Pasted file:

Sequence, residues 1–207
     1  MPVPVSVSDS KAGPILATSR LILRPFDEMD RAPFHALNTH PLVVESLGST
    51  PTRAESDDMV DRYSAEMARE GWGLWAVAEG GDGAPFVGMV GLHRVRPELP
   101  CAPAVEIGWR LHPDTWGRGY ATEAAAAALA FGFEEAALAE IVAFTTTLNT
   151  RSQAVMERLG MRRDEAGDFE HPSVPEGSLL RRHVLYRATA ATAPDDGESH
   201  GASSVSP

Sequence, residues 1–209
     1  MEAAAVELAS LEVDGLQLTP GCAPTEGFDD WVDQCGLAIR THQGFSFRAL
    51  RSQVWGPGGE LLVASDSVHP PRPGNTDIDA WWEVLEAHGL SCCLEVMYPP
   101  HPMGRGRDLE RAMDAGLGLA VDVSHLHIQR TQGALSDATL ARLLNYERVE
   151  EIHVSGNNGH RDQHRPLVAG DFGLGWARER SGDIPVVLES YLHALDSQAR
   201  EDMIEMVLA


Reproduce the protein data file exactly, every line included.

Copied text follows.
Sequence, residues 1–207
     1  MPVPVSVSDS KAGPILATSR LILRPFDEMD RAPFHALNTH PLVVESLGST
    51  PTRAESDDMV DRYSAEMARE GWGLWAVAEG GDGAPFVGMV GLHRVRPELP
   101  CAPAVEIGWR LHPDTWGRGY ATEAAAAALA FGFEEAALAE IVAFTTTLNT
   151  RSQAVMERLG MRRDEAGDFE HPSVPEGSLL RRHVLYRATA ATAPDDGESH
   201  GASSVSP

Sequence, residues 1–209
     1  MEAAAVELAS LEVDGLQLTP GCAPTEGFDD WVDQCGLAIR THQGFSFRAL
    51  RSQVWGPGGE LLVASDSVHP PRPGNTDIDA WWEVLEAHGL SCCLEVMYPP
   101  HPMGRGRDLE RAMDAGLGLA VDVSHLHIQR TQGALSDATL ARLLNYERVE
   151  EIHVSGNNGH RDQHRPLVAG DFGLGWARER SGDIPVVLES YLHALDSQAR
   201  EDMIEMVLA